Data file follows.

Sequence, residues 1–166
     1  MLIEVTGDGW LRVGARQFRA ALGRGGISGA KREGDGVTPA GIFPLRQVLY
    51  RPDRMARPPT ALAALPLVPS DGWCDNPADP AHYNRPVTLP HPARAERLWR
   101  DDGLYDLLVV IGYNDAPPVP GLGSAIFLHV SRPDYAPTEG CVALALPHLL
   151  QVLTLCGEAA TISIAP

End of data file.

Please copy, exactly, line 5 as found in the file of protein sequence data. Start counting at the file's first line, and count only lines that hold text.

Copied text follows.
   151  QVLTLCGEAA TISIAP